April 23 2014 Latest news:
, senior reporter
Thursday, September 6, 2012
Traders in a Diss town centre street say their businesses are booming, despite concerns a lack of passing shoppers was forcing retailers to close down or move away.
The owners of Rooms with a View, Albright of Diss and Purple Door in St Nicholas Street, have reported a growing trade in recent years, which had resulted in more staff being recruited, despite fears shoppers were being enticed to spend more time at the Mere Street end of town by free parking and the presence of the large supermarkets.
Last week, the Mercury reported how children’s toy shop Toybox Toys was moving to the former Threshers Wine Shop in Mere Street after trading in St Nicholas Street for 16 years. Owner Roy Minshull cited dwindling passing trade as the main reason behind the move after a Diss Town Council survey showed 400 people passed near the Mere Street shop in two hours, more he said than he would have seen in a day in St Nicholas Street.
The shop’s departure was the second in four months as jewellery store Every Cloud had relocated from St Nicholas Street to Mere Street in April, also citing a lack of passing trade.
But Gloria and Alan Rowe, owners of Albright of Diss, have been trading in St Nicholas Street for 27 years and said their profits had increased during the last two years.
They pointed out a number of new businesses had moved into the street during the last couple of months, including the hairdressers VAE Hair Salon and an electronics shop and said a number of motorists had dropped in after noticing their shop as they were passing by, en route to the town centre.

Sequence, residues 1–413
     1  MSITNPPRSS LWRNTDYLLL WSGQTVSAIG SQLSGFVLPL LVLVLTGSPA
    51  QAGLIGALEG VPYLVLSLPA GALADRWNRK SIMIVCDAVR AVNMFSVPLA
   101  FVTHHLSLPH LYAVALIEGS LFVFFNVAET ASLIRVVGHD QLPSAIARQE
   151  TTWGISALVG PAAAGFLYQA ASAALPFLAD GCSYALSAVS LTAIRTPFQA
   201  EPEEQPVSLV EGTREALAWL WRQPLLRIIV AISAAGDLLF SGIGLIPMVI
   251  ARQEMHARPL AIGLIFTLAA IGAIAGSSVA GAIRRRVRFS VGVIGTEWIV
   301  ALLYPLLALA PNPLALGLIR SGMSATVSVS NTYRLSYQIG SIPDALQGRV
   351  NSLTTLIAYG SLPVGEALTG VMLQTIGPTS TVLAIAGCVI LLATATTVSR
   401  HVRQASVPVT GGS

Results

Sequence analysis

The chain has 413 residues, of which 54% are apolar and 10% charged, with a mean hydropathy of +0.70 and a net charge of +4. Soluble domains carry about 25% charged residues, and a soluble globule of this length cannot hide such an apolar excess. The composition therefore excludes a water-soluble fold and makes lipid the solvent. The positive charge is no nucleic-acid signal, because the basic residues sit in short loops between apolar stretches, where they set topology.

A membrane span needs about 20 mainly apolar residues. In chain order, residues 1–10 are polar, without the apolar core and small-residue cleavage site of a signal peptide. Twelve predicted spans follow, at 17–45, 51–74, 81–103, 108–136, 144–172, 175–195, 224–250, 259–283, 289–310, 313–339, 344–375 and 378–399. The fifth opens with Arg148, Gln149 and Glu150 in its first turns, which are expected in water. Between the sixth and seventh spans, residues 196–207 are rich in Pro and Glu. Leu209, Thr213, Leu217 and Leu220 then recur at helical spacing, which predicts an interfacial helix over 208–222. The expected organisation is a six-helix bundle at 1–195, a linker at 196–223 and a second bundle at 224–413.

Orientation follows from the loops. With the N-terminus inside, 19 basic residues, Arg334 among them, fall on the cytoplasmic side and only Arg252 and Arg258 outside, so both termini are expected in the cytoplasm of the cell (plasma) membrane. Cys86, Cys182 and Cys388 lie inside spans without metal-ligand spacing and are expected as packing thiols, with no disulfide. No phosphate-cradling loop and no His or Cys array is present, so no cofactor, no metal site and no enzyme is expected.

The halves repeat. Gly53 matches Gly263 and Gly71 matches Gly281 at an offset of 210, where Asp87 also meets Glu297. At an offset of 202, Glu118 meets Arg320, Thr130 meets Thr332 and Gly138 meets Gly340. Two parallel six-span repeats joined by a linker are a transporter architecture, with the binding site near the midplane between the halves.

Mr Rowe said the buildings in St Nicholas Street, which include the Diss Corn Hall theatre and St Mary’s Church, had a lot of character and history to them to go with the many independent stores which sold specialist goods which shoppers may not be able to find at more high street retailers.
He added: “I would say the street has improved rather than gone backwards. You will always see a couple of empty shop units wherever you go, but many motorists have to drive passed this shop to get to the main town centre public car parks.”
David Down, who runs interior design and furnishing store Rooms with a View with his wife Debbie, believed there may have been more of a market for Toybox Toys at the Mere Street end of town because there tended to be more families with children in that area due to the supermarkets.
But he said St Nicholas Street was a good place to do business and his turnover from June to August was the best he had experienced during this three month period since he opened his shop seven years ago, which had enabled him to recruit more staff.
He added many of his customers came from outside the Diss area, but were aware of the shop because it offers an individual and specialised service.
However, he felt the town council could help improve the situation even further by extending the time limit for free parking in the public car parks from one hour to two hours, which give shoppers more time to explore the town centre rather than staying at the Mere Street end because they needed to return to their cars.
“For us, it is a really good location to do business and we want shoppers to know that we exist up here and there are some really good independent shops in this area,” Mr Down said.
Graham Hart, who runs specialist gift shop Purple Door in Cobbs Yard off St Nicholas Street with his wife Sarah Bush, said his business had also grown since opening 13 months ago.
He specialises in one-off jewellery, pottery and gifts, which he sources from auctioneers and vintage fairs and said he would like more signs to riase awareness of the presence of the yard and St Nicholas Street.
“There are a lot of really nice independent shops in St Nicholas Street that a lot of people in Diss are not really aware of,” Mr Bush added.